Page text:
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Comet Assay: Detection of Damage Induced by UVA Light After Incorporation of 6-Thioguanine into the DNA of Human Keratinocytes

Grant number: 23/12607-9
Support Opportunities:Scholarships in Brazil - Scientific Initiation
Effective date (Start): February 01, 2024
Effective date (End): January 31, 2025
Field of knowledge:Biological Sciences - Biochemistry
Principal Investigator:Paolo Di Mascio
Grantee:Thabata Victória Ferreira
Host Institution: Instituto de Química (IQ). Universidade de São Paulo (USP). São Paulo , SP, Brazil
Associated research grant:13/07937-8 - Redoxome - Redox Processes in Biomedicine, AP.CEPID

Abstract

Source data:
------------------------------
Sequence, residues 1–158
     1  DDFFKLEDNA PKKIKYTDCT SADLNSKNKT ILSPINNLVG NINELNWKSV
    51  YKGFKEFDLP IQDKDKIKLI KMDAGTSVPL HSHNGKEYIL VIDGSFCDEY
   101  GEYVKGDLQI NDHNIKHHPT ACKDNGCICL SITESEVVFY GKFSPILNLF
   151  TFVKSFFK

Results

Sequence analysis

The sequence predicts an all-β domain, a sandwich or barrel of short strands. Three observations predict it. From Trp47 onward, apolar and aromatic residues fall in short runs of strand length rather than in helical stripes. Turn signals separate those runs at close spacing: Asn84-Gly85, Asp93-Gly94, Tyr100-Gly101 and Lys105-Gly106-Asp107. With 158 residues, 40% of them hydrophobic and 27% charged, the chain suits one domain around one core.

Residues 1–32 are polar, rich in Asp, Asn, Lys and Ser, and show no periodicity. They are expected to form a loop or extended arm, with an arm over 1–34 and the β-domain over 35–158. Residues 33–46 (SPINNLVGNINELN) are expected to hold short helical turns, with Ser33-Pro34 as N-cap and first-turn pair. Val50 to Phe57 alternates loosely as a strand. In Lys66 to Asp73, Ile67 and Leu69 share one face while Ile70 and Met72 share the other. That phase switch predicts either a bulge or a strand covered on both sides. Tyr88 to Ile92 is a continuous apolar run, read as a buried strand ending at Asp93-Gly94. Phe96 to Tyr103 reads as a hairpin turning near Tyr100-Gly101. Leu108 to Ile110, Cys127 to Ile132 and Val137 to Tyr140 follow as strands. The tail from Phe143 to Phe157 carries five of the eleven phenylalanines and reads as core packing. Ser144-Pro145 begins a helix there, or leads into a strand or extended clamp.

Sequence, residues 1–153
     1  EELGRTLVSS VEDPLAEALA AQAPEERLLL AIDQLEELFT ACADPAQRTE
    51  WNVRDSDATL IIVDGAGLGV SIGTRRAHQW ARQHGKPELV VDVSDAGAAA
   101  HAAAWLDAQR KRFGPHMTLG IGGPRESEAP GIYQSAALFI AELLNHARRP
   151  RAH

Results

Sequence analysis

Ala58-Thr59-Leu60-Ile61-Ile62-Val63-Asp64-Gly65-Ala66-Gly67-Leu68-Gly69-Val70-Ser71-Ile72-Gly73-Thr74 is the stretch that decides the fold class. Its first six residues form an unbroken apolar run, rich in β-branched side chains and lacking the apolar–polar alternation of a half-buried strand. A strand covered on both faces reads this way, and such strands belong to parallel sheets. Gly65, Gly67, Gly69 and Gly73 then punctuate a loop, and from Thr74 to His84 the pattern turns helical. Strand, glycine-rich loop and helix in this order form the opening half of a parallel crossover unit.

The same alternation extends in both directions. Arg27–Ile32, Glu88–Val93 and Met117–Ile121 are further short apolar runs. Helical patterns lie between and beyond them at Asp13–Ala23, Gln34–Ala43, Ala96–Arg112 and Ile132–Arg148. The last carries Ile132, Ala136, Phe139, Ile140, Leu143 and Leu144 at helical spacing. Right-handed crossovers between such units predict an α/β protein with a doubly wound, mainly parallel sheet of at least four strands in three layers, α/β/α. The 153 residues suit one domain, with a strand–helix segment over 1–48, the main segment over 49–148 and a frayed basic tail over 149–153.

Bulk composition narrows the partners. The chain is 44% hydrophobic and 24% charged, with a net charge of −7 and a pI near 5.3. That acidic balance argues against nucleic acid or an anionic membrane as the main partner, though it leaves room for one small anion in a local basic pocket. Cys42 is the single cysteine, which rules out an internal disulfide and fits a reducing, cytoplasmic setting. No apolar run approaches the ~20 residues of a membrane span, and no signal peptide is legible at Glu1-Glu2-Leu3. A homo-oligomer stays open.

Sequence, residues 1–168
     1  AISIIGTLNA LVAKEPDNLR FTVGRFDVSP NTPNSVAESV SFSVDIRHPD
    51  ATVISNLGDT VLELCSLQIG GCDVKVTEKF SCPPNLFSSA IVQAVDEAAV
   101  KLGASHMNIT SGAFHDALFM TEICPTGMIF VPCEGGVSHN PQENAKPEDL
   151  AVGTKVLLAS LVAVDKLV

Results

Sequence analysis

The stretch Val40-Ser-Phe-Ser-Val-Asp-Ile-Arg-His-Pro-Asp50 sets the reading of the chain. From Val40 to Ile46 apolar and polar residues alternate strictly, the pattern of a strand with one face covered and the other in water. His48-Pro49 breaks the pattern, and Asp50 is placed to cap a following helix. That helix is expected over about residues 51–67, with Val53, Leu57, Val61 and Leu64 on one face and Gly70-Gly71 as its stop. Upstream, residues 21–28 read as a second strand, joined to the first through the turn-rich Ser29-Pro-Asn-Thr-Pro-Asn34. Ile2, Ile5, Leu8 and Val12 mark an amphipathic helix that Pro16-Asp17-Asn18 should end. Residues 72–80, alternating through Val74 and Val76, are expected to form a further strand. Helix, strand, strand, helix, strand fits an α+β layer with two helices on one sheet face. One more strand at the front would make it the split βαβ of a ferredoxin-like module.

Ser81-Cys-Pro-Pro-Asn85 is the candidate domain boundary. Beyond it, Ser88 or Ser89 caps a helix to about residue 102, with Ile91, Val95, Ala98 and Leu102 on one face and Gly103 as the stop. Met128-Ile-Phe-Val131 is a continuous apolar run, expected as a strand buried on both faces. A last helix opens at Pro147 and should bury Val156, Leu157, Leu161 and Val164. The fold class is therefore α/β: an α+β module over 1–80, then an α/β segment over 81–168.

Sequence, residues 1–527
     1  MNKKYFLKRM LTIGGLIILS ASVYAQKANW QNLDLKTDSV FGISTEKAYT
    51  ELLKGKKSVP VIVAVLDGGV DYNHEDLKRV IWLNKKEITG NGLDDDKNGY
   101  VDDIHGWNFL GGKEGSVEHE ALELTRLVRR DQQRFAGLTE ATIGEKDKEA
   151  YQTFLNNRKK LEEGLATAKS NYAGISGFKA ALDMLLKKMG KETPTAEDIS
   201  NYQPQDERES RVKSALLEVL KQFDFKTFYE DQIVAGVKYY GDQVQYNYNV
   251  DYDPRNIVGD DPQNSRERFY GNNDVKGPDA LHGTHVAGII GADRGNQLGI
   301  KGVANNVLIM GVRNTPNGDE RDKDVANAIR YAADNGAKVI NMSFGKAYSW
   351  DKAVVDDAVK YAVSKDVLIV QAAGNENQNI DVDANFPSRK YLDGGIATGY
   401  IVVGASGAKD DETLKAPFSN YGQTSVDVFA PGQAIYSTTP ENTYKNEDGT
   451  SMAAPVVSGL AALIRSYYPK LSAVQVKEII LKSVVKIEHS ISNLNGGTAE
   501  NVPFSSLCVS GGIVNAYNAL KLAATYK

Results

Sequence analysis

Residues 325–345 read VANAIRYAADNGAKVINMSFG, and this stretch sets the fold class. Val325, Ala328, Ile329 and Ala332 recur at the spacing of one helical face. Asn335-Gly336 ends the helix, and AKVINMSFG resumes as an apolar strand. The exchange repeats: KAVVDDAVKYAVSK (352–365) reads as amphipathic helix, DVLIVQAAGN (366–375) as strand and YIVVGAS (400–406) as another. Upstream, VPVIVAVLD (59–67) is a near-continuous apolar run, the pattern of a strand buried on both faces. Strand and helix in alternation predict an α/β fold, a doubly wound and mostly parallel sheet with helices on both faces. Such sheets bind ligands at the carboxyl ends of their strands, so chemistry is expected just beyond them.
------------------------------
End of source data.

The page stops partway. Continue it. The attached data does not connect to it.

Even though the solar light is crucial to life, playing major roles in human physiology, it is also one of the most important and ubiquitous carcinogens to which humans are exposed. The ultraviolet (UV) component emitted by the sun is composed of UVC, UVB and UVA. However, UVC is completely absorbed by the atmosphere, making UVA and UVB wavelengths of major relevance for human health. UV light affects mainly tissues exposed to the environment, as the skin. For a long time, the deleterious effects of UVA light exposure were neglected, however, UVA radiation can be absorbed by cellular chromophores, leading to the formation of photoexcited species, such as singlet oxygen, that can act as cellular stress mediators or signaling molecules.This research project aims to use 6-thioguanine (6-TG) as a photosensitizer molecule to epithelial cells. Once 6-TG is incorporated in the DNA, HaCat cells will be irradiated with UVA, and we will test whether or not 6-TG will give rise to the production of 1O2 in situ in the cells' DNA.Comet assay or Single Cell Gel Electrophoresis is a versatile and sensitive method for measuring single (SSB) and double-strand breaks (DSB) in DNA. Comets are formed by the relaxation of DNA supercoiling in a structural loop of DNA by a single DNA break release, allowing this loop to migrate to the anode under electrophoretic condition. Besides its ability to detect SSB and DSB, the comet assay can also be used to measure oxidized bases. This is achieved with an additional step that relies on the addition of bacterial endonucleases after cell lysis; these enzymes are able to generate a strand break where an oxidative modification took place. These enzymes, oxoguanine glycosylase (OGG1) and endonuclease V (T4endoV), recognizes oxidized purines and pyrimidines respectively, generating strand breaks that are detected by electrophoresis.

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